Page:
Training That Heals

I generally walk for five minutes at the start of a run, to give my legs a chance to warm up and to set the tone of the run with a prayer. Today, I asked God to show me what to do at every moment of the run. I knew my part would be paying attention all the time, and turning toward Him continually; but I knew He would be the eyes of the run, the heart and brain. All I had to do was ask.

I was feeling ragged as I walked out of the parking lot. My pulse was a bit high; I couldn’t tell if it was from the 85-degree heat or because my body was tired. I didn’t have much enthusiasm to run; but I thought I would just take it one step at a time, run slowly, and see what would happen.

I’ve started a new training plan. I’m doing the nose-breathing method that John Douillard recommends in his book Body, Mind, and Sport. His methods are borrowed from the teachings of Ayurveda, a very old Indian healing art. Douillard is former professional triathlete who trained 5-6 hours a day in his peak competitive years, and continually failed to break into the top ranks, until he consulted an Ayurvedic physician who told him to cut back on his training and train differently. To shorten a long story, he spent several years honing a system that allowed him to train his body to run, swim, and bike extremely hard while his heart was beating at an astonishingly slow rate.

There are two ways that I know of to run brilliantly, in the zone state. One is to train the body to run aerobically, even at very high heart rates. That’s what happened to me in the 96% run. The other way is to train the body to exercise extremely hard at a very low heart rate. That’s what the training systems of John Douillard and Philip Maffetone aim to do. Both systems have you do a high volume of training at a low aerobic pace–in Maffetone’s case, no harder than about 70% of maximum heart rate, and in Douillard’s system, no harder than 50% of maximum heart rate, determined by the Karvonen formula, which for me, works out to about 64% of my heart-rate maximum.

That’s very slow; in fact, it totally contradicts all of the currently accepted wisdom about training the body for maximal performance. If you were to go on the Internet rec.running newsgroup and explain these methods, you would be laughed out of town. Yet Maffetone and Douillard have trained some extremely successful athletes. Maffetone’s system was used by Mark Allen when he won the Hawaiian Ironman Triathlon an incredible six times. Other Maffetone-trained athletes include short-distance triathletes Colleen Cannon and Mike Pigg, and marathoner Priscilla Welch. Douillard’s system has been used with great success by individual marathoners and high-school cross-country teams.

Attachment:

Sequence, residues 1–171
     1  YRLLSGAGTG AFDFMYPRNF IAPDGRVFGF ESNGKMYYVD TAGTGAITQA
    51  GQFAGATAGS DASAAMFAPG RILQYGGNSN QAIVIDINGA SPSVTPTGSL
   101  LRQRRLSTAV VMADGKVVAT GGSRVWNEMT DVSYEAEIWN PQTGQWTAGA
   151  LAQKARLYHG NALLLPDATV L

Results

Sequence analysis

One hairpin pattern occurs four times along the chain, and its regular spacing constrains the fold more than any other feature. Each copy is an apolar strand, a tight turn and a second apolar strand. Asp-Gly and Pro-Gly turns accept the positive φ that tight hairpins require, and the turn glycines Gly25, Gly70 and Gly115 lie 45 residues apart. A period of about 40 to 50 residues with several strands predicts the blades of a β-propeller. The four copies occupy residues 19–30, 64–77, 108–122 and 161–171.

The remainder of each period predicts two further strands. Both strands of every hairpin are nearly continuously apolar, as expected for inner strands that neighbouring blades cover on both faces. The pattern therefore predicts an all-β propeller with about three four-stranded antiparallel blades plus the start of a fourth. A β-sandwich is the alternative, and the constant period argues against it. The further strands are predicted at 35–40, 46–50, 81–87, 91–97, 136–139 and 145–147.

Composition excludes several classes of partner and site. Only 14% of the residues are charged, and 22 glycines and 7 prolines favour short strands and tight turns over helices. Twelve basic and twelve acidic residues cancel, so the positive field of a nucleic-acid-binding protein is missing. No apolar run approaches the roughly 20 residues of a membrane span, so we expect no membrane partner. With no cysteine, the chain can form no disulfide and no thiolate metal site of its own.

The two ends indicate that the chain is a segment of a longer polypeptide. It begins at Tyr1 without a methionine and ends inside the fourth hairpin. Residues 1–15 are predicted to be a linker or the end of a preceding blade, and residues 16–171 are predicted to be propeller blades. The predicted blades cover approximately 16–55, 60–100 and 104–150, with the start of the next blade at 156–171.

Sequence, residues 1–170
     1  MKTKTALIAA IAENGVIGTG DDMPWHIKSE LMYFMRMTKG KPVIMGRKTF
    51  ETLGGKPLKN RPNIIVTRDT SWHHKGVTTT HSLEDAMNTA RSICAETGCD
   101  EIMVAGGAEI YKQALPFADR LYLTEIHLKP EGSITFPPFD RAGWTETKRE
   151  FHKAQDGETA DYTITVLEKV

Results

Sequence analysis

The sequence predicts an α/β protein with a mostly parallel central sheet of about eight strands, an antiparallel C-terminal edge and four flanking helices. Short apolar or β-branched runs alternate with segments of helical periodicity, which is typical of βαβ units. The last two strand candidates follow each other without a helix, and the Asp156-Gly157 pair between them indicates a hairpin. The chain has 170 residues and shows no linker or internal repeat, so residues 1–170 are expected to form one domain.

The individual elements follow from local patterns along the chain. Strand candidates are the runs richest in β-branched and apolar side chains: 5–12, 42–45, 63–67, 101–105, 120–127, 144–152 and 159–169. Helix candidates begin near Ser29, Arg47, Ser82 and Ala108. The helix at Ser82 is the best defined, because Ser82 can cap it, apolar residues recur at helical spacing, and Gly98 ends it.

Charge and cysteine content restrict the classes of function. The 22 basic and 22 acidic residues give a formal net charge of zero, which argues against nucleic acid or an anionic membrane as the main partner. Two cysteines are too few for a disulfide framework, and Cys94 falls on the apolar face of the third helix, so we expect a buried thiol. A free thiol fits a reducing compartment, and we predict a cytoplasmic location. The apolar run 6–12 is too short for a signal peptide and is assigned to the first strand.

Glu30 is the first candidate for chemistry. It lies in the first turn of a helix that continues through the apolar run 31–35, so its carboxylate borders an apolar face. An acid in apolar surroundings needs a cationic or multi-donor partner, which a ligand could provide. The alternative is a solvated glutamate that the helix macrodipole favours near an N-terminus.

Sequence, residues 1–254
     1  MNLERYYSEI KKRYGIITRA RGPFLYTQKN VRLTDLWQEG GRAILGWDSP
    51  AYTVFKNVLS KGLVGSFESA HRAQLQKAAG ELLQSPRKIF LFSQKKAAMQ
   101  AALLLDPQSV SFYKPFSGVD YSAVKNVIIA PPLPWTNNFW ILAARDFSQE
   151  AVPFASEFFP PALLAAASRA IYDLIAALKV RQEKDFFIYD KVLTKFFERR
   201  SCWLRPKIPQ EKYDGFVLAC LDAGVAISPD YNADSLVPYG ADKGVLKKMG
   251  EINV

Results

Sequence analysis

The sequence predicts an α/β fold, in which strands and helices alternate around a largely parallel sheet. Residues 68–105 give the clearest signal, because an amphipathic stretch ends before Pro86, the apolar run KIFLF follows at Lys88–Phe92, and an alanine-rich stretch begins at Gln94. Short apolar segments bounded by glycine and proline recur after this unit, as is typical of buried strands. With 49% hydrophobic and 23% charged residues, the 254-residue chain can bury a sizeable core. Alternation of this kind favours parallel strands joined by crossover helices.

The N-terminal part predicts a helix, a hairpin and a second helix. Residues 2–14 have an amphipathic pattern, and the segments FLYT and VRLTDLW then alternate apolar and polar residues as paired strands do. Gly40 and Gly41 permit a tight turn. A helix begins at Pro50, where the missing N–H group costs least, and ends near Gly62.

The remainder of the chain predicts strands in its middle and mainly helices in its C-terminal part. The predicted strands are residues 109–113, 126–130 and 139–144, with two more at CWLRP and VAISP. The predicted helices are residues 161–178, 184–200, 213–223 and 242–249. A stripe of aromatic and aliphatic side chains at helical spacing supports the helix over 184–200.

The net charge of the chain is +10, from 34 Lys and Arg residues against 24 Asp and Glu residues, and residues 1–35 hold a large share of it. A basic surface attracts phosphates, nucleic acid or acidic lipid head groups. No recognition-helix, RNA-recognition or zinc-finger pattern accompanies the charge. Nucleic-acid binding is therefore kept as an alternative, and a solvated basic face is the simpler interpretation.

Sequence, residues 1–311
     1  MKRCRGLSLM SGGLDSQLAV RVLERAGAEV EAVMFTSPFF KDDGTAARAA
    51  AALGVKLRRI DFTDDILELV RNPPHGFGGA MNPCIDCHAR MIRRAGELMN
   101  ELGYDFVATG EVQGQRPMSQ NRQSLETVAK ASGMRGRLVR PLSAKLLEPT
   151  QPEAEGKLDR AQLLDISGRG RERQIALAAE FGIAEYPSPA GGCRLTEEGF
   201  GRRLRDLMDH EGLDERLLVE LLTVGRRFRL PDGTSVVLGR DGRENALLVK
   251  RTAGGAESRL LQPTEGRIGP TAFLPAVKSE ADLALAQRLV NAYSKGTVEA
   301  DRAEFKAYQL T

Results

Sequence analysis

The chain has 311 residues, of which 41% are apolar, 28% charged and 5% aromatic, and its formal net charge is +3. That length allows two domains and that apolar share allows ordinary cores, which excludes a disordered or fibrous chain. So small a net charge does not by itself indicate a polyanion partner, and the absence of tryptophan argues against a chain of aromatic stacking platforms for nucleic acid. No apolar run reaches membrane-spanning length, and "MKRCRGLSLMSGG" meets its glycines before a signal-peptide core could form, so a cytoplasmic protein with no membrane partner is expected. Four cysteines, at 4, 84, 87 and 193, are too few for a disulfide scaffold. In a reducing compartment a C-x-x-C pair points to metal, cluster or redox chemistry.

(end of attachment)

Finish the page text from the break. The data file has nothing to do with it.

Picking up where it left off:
I really “discovered” Douillard’s book only years after I first read it and rejected its ideas because they seemed so far-fetched. In the intervening years, as I learned to listen to the cues my body was giving me, and follow them, I adopted training programs that led me, step by step, into slower and slower training, accompanied by higher and higher feelings of health and fitness.

At first, I began doing all of my aerobic training runs at about 77-78% of MHR, following the recommendations of John L. Parker, Jr., in his book Heart-Rate Training for the Compleat Idiot. Parker’s system proposed to be an easier, more sensible alternative to the scientifically backed ideas of coaches like Roy Benson, Jack Daniels, and Pete Pfitzinger. And indeed, for a short while, my body seemed to be thriving on Parker’s methods.

I felt much healthier and fitter than I ever had. But I began to notice that my heart felt more harmonious when I ran at about 70% of MHR, than when I ran at Parker’s recommended 70% percent of MHR by the Karvonen formula, which for me, worked out to 77-78% as a simple percent of MHR.

I had no objective basis for training at 70% of MHR except my own inner feeling. There was no book or coach telling me that it was a good thing; I simply did it because it felt right. But then I came across Phil Maffetone’s book, Training for Endurance, which recommended training even slower.

I was deeply attracted by the rationale that Maffetone gave for his system, which entailed building a strong aerobic base with many months of pure slow, aerobic running, followed by 5-8 weeks of intense speedwork and racing in preparation for a target race. It’s the system that Mark Allen used to win Hawaiian Ironman — powerful evidence that it worked. I knew of other successful runners who’d based their training on a high volume of pure aerobic work, plus a small amounts of speedwork relative to what most other top competitive runners were doing. Those slow-training runners included former women’s marathon world record holder Ingrid Kristiansen of Norway, and former US 50-mile champion Bob Deines.

I began following Maffetone’s advice, running no faster than about 70% of my MHR, calculated not by the Karvonen formula but as a pure percentage. (Actually, I arrived at this figure using Maffetone’s “180-minus” formula, which I won’t explain here.) And I immediately noticed that I felt healthier and fitter than ever.

Maffetone was my guide for about a year, until I rediscovered John Douillard’s book and, this time, found it deeply inspiring and persuasive. I find it noteworthy that God had put Douillard’s teachings before me years ago, but that I needed to come to them in my own good time. That’s been my experience always, that God never insists that I follow His guidance; He’s willing to wait until I’m able to find the faith within to follow. He’s concerned with letting me grow as quickly as I’m willing – not that I follow a rigid set of rules.

Douillard based his ideas about training on the ancient Indian healing school of Ayurveda, specifically an ancient treatise that recommended exercising no harder than 50% of maximum capacity. Douillard gives a formula for calculating the individual’s 50% work rate. I won’t go into that calculation here; I’m not interested in stealing Douillard’s fire, so I recommend that interested readers buy his book. Suffice it to say that for me, as a 62-year-old runner, the maximum recommended training pace worked out to roughly 64% of MHR.